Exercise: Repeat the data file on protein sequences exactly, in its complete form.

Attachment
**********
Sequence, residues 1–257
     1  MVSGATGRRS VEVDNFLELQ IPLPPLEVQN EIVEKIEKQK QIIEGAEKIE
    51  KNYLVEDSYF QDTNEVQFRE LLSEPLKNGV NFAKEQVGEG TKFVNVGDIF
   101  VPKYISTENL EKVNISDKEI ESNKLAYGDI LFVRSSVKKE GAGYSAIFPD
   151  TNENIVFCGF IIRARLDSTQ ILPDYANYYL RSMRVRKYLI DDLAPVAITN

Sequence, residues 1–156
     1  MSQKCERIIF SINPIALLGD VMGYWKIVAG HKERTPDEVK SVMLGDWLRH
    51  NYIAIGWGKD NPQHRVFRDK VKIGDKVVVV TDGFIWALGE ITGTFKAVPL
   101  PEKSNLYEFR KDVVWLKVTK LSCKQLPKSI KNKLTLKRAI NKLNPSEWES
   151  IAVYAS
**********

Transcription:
Sequence, residues 1–257
     1  MVSGATGRRS VEVDNFLELQ IPLPPLEVQN EIVEKIEKQK QIIEGAEKIE
    51  KNYLVEDSYF QDTNEVQFRE LLSEPLKNGV NFAKEQVGEG TKFVNVGDIF
   101  VPKYISTENL EKVNISDKEI ESNKLAYGDI LFVRSSVKKE GAGYSAIFPD
   151  TNENIVFCGF IIRARLDSTQ ILPDYANYYL RSMRVRKYLI DDLAPVAITN

Sequence, residues 1–156
     1  MSQKCERIIF SINPIALLGD VMGYWKIVAG HKERTPDEVK SVMLGDWLRH
    51  NYIAIGWGKD NPQHRVFRDK VKIGDKVVVV TDGFIWALGE ITGTFKAVPL
   101  PEKSNLYEFR KDVVWLKVTK LSCKQLPKSI KNKLTLKRAI NKLNPSEWES
   151  IAVYAS